a 14170 8057

you 12702 2720

my 11297 4135

in 10797 12445

is 8882 6884

Source: Material drawn from Cloudera training VM


Hive behind the scenes
Hive: Behind the Scenes

SELECT s.word, s.freq, k.freq FROM shakespeare s

JOIN homer k ON (s.word = k.word) WHERE s.freq >= 1 AND k.freq >= 1 ORDER BY s.freq DESC LIMIT 10;

(Abstract Syntax Tree)

(TOK_QUERY (TOK_FROM (TOK_JOIN (TOK_TABREF shakespeare s) (TOK_TABREF homer k) (= (. (TOK_TABLE_OR_COL s) word) (. (TOK_TABLE_OR_COL k) word)))) (TOK_INSERT (TOK_DESTINATION (TOK_DIR TOK_TMP_FILE)) (TOK_SELECT (TOK_SELEXPR (. (TOK_TABLE_OR_COL s) word)) (TOK_SELEXPR (. (TOK_TABLE_OR_COL s) freq)) (TOK_SELEXPR (. (TOK_TABLE_OR_COL k) freq))) (TOK_WHERE (AND (>= (. (TOK_TABLE_OR_COL s) freq) 1) (>= (. (TOK_TABLE_OR_COL k) freq) 1))) (TOK_ORDERBY (TOK_TABSORTCOLNAMEDESC (. (TOK_TABLE_OR_COL s) freq))) (TOK_LIMIT 10)))

(one or more of MapReduce jobs)



Example data analysis task
Example Data Analysis Task

Find users who tend to visit “good” pages.

Visits

Pages

. . .

. . .

Pig Slides adapted from Olston et al.


Conceptual dataflow
Conceptual Dataflow

Load

Visits(user, url, time)

Load

Pages(url, pagerank)

Canonicalize URLs

Join

url = url

Group by user

Compute Average Pagerank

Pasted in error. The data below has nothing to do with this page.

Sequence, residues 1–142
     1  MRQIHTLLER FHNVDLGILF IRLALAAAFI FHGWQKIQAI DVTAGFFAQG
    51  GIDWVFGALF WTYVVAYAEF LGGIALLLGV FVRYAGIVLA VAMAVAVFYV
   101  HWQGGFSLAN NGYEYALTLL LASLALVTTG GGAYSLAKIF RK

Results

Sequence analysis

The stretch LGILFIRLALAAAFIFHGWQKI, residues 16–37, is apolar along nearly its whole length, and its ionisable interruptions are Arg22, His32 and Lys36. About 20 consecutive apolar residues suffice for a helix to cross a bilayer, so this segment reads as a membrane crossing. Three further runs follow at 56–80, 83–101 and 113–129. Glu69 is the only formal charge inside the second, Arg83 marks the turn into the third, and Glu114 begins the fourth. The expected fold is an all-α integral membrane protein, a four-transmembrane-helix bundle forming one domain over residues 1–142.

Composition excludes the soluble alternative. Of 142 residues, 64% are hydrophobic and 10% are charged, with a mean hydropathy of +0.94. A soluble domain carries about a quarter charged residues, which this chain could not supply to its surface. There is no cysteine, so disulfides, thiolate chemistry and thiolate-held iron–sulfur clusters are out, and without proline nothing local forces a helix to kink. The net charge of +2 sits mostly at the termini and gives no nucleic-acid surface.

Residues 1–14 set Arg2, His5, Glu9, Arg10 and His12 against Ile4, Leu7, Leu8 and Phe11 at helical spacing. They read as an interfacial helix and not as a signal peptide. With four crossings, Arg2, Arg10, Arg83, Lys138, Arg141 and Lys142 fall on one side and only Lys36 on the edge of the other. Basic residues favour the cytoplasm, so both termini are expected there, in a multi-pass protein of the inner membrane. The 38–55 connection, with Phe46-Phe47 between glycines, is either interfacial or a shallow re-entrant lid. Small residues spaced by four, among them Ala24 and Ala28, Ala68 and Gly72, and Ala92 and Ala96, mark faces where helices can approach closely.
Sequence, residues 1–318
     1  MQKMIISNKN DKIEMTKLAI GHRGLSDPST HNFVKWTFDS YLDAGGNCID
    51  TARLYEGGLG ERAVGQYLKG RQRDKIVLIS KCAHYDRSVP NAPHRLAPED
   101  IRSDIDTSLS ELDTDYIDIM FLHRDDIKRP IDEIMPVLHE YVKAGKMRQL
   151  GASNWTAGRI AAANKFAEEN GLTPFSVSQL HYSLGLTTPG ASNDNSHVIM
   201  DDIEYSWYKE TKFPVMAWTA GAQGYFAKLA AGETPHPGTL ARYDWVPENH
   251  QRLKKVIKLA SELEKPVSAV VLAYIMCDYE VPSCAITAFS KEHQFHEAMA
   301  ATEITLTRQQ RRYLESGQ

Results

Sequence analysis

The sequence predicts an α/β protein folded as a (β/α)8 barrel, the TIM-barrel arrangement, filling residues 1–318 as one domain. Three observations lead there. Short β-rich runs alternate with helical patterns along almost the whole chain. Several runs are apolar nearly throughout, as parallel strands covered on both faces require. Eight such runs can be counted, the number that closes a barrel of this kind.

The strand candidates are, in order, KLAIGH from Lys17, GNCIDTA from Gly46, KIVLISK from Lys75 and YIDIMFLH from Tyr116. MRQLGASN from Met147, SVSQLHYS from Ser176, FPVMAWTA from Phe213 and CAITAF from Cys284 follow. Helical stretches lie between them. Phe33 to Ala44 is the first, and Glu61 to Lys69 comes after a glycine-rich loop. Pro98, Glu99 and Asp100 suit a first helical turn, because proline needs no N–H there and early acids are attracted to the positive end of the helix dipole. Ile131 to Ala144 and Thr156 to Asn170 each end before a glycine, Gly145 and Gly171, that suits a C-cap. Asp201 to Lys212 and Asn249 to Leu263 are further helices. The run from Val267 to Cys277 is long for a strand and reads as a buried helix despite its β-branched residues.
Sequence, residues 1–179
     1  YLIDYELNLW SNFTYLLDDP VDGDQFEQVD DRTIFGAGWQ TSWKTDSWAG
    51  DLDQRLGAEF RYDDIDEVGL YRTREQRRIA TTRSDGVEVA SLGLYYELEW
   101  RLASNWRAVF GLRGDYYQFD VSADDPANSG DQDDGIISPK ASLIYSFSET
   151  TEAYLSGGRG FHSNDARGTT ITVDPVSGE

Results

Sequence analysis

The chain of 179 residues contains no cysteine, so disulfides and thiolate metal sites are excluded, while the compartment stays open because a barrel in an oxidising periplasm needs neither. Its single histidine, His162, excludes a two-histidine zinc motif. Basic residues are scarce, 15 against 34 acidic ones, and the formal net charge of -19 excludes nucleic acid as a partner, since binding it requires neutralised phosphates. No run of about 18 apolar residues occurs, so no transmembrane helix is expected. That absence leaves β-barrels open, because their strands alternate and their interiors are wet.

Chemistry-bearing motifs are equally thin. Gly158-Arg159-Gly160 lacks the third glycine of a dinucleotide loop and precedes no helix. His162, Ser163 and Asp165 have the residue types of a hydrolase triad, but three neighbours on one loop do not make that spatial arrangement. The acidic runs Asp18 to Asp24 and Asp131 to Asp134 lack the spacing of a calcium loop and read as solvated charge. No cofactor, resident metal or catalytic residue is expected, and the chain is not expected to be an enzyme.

Filter

avgPR > 0.5

Pig Slides adapted from Olston et al.


System level dataflow
System-Level Dataflow

Visits

Pages

. . .

. . .

load

load

canonicalize

join by url

. . .

group by user

compute average pagerank

. . .

filter

the answer

Pig Slides adapted from Olston et al.


Mapreduce code
MapReduce Code

Pig Slides adapted from Olston et al.


Pig latin script
Pig Latin Script

Visits = load‘/data/visits’ as (user, url, time);

Visits = foreachVisits generate user, Canonicalize(url), time;

Pages = load ‘/data/pages’ as (url, pagerank);

VP = join Visits by url, Pages by url;

UserVisits = groupVP by user;

UserPageranks = foreachUserVisits generate user, AVG(VP.pagerank) as avgpr;

GoodUsers = filterUserPageranks by avgpr > ‘0.5’;

storeGoodUsers into '/data/good_users';

Pig Slides adapted from Olston et al.


Java vs pig latin
Java vs. Pig Latin

1/20 the lines of code

1/16 the development time

Performance on par with raw Hadoop!

Pig Slides adapted from Olston et al.


Pig takes care of
Pig takes care of…

  • Schema and type checking

  • Translating into efficient physical dataflow

    • (i.e., sequence of one or more MapReduce jobs)

  • Exploiting data reduction opportunities

    • (e.g., early partial aggregation via a combiner)

  • Executing the system-level dataflow

    • (i.e., running the MapReduce jobs)

  • Tracking progress, errors, etc.


Bigtable hive and pig

  • Another Pig Script:

  • Pig Script 2: Temporal Query Phrase Popularity